of Defense’s IT operation and maintenance budget has increased more than 15
percent. This is good news for system administrators and analysts willing to

Copyright 2003 WetFeet, Inc.

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work for Uncle Sam. All together, federal agencies spent a total of about $48
billion on IT in 2002.
Keeping the data safe. Federal funding for information security investments is

rising as the government becomes increasingly concerned for the safety of its

The Role

systems and information. In 2002, federal agencies spent $2.7 billion on
information security alone. The Office of Management and Budget expects
that number to rise to $4.7 billion in 2004.
The federal government is anxious to invest in security and recruit skilled security
professionals. In 2000, in fact, the federal government created the Cybercorps
program, designed to help train IT security professionals. The program, aimed at
midcareer professionals, provides up to two years of scholarship funding to study
information security. In return, scholarship recipients are obligated to work an
equal amount of time for the federal government.
Those interested in a career in information security have other education
options as well. A great number of certificate programs promise a substantial
return for each dollar invested (see “For Your Reference” for more information).
Many universities also offer advanced degrees in the field. One insider suggests
checking out www.nsa.gov, where the National Security Agency maintains a list
of schools deemed excellent in information assurance education.
During economic downturns, a federally funded position may prove more
stable and even more financially rewarding than a corporate one. According to
a 2002 Computerworld survey, government IT workers were more likely than any
other IT professionals to have received a recent raise. Though salaries in other
sectors have flattened, and in some cases even dropped, salaries rose an average
of 6.6 percent for government IT workers.

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Copyright 2003 WetFeet, Inc.


Finance
If finance is truly a high-flying field, then its wings are feathered with information
technology. Without the information systems that make the rapid and secure
transmission of data possible, the industry would surely take a nosedive. The

The Role

recent East Coast blackout confirms this. No, the New York Stock Exchange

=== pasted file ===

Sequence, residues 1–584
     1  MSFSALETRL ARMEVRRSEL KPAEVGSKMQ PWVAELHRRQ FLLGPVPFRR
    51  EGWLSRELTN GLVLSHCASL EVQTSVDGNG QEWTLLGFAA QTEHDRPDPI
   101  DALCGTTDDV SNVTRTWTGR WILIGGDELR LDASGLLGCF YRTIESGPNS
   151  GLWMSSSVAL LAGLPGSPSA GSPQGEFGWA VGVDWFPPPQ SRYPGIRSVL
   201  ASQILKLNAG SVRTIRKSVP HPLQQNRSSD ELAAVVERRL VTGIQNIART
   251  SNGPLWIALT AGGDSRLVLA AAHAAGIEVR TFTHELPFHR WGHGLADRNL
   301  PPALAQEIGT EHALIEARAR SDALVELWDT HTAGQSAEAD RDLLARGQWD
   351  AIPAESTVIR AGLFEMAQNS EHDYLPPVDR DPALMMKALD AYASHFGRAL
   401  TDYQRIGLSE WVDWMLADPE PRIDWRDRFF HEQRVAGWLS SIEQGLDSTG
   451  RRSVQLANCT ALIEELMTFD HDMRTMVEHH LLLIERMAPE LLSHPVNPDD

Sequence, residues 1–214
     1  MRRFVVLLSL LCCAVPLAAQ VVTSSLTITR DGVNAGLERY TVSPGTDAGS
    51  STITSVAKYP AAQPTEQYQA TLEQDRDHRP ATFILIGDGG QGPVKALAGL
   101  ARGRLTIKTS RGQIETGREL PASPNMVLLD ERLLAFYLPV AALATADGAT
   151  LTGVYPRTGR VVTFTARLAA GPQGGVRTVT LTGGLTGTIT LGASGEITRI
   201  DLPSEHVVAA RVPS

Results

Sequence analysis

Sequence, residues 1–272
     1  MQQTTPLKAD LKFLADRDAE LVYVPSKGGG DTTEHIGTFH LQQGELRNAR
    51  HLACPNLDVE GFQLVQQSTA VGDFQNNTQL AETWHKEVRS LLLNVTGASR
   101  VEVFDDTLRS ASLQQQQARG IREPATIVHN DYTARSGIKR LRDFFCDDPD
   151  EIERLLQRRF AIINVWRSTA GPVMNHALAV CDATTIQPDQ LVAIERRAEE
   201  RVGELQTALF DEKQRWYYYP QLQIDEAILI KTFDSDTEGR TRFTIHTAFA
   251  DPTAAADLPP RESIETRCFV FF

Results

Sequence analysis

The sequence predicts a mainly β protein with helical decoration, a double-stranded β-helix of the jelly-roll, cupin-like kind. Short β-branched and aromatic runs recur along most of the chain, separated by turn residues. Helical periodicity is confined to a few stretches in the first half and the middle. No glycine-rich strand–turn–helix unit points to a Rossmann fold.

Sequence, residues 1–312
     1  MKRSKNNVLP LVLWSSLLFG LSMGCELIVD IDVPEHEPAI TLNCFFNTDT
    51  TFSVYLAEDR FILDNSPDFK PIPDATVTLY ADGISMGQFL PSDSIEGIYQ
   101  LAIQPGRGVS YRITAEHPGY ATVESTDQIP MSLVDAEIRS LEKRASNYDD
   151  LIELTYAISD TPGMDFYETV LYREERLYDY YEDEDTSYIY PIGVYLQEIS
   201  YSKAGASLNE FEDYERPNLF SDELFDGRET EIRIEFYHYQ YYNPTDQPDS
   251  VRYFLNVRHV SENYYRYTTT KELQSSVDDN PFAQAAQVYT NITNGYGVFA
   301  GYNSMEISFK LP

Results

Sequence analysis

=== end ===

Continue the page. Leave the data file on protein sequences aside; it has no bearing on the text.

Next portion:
did not loose any data. But if the backup generators had not been in place to
power the data center and trading floor, the system would not have functioned
so smoothly.
There’s good news for those who choose to work amidst the hustle and bustle
of the financial world: Finance IT workers are almost always compensated
more highly than IT workers in other economic sectors. In 2002, for example, a
systems engineer for a financial company earned an average of $64,000, which
is nearly 10 percent higher than the average salary across sectors. And if a higher
salary alone is not enough to convince you, perhaps the fact that the sector
tends to be relatively stable will help. A 2003 survey on Jobsinthemoney.com
reports that the economic environment in the majority of surveyed financial
firms has held steady or even improved over the last year—reassuring news in
uncertain economic times.
Super systems. Security experts and systems administrators and managers

prepare! The finance industry depends on large information systems that have a
constant need for maintenance and updates. Currently, for example, MasterCard
and Visa along with a number of associated network providers are updating
their electronic transaction systems to the triple data encryption standard (DES),
an encryption method that is very difficult to break. Though costly, system
updates such as this are necessary to ensure the safety of transmitted information
and to maintain consumer confidence. In a world where the next BugBear virus
(which was targeted at financial institutions, by the way) is just around the corner,
there will always be a need for good security and systems people.

Copyright 2003 WetFeet, Inc.